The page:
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10 November, 1999

Wednesday November 10, 1999

Got up at 0510 hours. Hallway very busy, either people going to a bag drag or off to field camps I guess. I am not feeling parcticularly well today. I feel feverish. I think it is the stress of these computer problems. I have a lot of people relying on me and my hands are basically tied. Plus today we must get down to work in earnest on our project. I worked for an hour on downloading pictures to this machine. Hope this works. I feel real punky an so am going back to bed, no meetings until 1000 hours. Good night.

So much for sleeping. I tossed and turned for about 40 minutes got dressed and went to the Crarey computer center. I immediately checked my email to see if what Robbi thought was the problem, really was the problem. It evidently worked and Robbi must have been correct. Now all I have to do in the address book is added the letters SMTP to each contact under the "type of email category. That's only 273 or so to correct. God I hate doing the same thing twice or in some cases even more. I had gotten a lot of email from my children and Darcy. It was great to read them, I miss them all very much; but even more important to know was that what I am sending out, is in fact going out.

Worked with Barbara on the project. We have decided to hold one large group meeting next Monday, this will be in stead of two first lesson classes. This is due to lack of availability of the Crarey lab other then that first night. We will then run classes on a Thursday/Friday and Monday/Tuesday. We will offer six separate classes with each being repeated twice. These classes will be offered in the new computer training lab. It will be tight, for we will have theoretically 12 in a group that gives us two at each computer. Not the ideal situation, but one cannot loose site of the fact that we are in Antarctica. We discussed what we had to do and how we planned to do it. All the parts are in place now, we just need the people.

We had a meeting with Robbie Score, who really had some concerns about our project; but, I think she is more comfortable with it now. After the meeting went to dinner then returned to the computer room. I had several emails indicating to me all was OK. I sent out three journals to the TEA site with pictures and all was OK. I then tried to send journals to my 273 collaborators and none were sent. I am serious time bumming. I have to get help again tomorrow.

I sent some personal mail and then returned to the Mammoth Mountain Inn, my home away from home. The weather had worsened all day so I walked home in a snow storm, rare for McMurdo for his time of year, and winds probably blowing 40 knots. (Who knows what a knot is?)

I was talking with a fellow who is working on a research project whose title is "GPS (global postioning system) Measurement of Isostatic Rebound and Tectonic Deformation in Marie Byrd Land, West Antarctica". The PI (principal investigator is Dr. Bruce Luyendyk. As I understand it, the goal of this project is to try and determine the movement of part of the tectonic plate system found here in Antarctica known as the Antarctic rift system, specifically between West and East Antarctica. They will be looking at, the belief held by many scientists that this region is undergoing active deformation and that the rate and causes of this are still basically unknown. The task will be to try and measure the earth's crust movement by using GPS, a satellite based piece of equipment that basically uses triangulation of several satellites to determine the position (longitude, latitude and altitude) of any parcticular spot on the planet earth. This array of GPS sensors is able; it is believed, to show movement to accuracy on the horizontal as little as 1 mm/year and vertical movement of 2mm/year. (How many inches is that per year?) That is unbelievable.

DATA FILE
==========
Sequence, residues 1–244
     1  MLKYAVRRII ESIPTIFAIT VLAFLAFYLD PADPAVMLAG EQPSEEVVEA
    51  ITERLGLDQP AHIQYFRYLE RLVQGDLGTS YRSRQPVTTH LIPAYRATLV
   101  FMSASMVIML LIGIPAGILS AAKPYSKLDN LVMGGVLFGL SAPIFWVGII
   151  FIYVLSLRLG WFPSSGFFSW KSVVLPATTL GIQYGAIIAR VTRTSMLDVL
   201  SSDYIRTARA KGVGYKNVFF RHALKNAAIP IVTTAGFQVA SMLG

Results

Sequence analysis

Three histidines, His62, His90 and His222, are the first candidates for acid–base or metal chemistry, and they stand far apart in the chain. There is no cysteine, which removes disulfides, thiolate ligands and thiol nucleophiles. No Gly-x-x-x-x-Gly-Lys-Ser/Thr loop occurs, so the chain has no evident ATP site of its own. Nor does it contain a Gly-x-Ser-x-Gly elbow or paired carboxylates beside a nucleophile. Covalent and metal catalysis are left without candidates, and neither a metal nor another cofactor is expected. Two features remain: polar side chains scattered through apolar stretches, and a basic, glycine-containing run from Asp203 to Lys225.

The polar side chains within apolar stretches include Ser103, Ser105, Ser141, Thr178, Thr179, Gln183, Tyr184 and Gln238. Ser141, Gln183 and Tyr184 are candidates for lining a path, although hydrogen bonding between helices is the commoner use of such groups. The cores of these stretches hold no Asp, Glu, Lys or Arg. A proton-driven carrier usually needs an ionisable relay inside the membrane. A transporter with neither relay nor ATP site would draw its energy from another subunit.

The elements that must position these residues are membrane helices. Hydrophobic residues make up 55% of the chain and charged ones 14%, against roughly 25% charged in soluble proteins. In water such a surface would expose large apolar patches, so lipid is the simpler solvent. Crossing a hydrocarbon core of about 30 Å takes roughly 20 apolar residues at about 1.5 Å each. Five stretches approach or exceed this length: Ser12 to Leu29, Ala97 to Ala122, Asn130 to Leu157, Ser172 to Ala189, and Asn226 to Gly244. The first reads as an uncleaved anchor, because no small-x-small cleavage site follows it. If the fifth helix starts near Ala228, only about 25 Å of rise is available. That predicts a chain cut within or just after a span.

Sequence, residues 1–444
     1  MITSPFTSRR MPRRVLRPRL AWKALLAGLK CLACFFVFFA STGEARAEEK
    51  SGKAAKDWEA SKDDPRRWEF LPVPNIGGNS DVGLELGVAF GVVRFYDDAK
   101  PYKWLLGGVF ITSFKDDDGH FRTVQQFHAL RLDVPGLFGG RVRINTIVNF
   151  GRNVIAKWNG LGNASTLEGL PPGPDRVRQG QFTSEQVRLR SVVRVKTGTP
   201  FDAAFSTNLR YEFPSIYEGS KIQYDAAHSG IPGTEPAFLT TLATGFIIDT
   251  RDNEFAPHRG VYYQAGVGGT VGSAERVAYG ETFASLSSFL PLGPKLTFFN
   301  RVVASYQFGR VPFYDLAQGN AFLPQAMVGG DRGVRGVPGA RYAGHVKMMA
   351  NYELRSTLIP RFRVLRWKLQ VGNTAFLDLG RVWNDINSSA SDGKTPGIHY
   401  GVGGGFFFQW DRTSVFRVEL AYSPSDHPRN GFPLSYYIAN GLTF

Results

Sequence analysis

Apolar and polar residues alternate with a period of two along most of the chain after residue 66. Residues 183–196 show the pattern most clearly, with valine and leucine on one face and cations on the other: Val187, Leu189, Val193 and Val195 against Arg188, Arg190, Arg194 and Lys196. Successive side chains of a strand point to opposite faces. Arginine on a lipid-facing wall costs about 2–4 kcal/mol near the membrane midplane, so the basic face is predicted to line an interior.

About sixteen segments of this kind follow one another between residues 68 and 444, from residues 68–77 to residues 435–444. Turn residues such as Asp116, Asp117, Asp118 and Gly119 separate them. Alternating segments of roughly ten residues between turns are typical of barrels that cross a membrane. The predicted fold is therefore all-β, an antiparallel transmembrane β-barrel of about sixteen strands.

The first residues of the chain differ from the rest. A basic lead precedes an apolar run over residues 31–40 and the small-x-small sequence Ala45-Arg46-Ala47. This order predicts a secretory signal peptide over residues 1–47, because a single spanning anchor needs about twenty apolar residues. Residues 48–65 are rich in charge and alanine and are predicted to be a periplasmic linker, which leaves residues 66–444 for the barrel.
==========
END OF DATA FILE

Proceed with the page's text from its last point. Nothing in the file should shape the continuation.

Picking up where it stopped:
Measurements are taken automatically and continuously at 30 second intervals by these permanent sensors that were placed in different spots on the continent: the Rockefeller Mountains, the Phillips Mountains and the Clark Mountains, during the 1998 field season. (See if you can find a map the shows these locations and try to determine what the their longitude, latitude and altitudes are.) I'll give you a hint: these are not places one would take a Sunday drive to. From McMurdo one takes an LC-130 ski equipped aircraft, to Seiple Dome; from here you take at a Twin Otter, a much smaller plane to the Ford Range Camp in Marie Byrd Land. Once at the camp you would fly out, using the twin otter again, too each of the three site. These GPS units will remain in place for four years, but annually must be maintained and the data downloaded.

While at the Crarey lab computer room Dr. Norbert Wu presented a multimedia presentation. He is an artist whose project involves photography. His video of under the ice was totally awesome. I can't imagine how he got such pictures; but he did hint that if he destroyed a regular camera he'd be out a few thousand dollars; whereas if he destroys this camera he'd be probably put into jail. OK, enough said. Time to turn in. I hope tommor is the day my computer problem gets resolved.


Penguin Pete the Polar Man

This is a view from the Crarey lab. I am looking out toward the blue ice runway. The time of day is 2330 hours. I know the quality is lacking , but just wanted to show how high the sun is at 11:30 PM. <<1930 hours at Crarey.JPG>>

This a picture is of a display case at the Crarey lab. Contained in this case are artifacts from previous expeditions and geological and biological specimens. <>

This is the skull of a leopard seal, one of the primary carnivores living in the Antarctic waters. It is on display in the Crarey lab, McMurdo Station, Antarctica. <>

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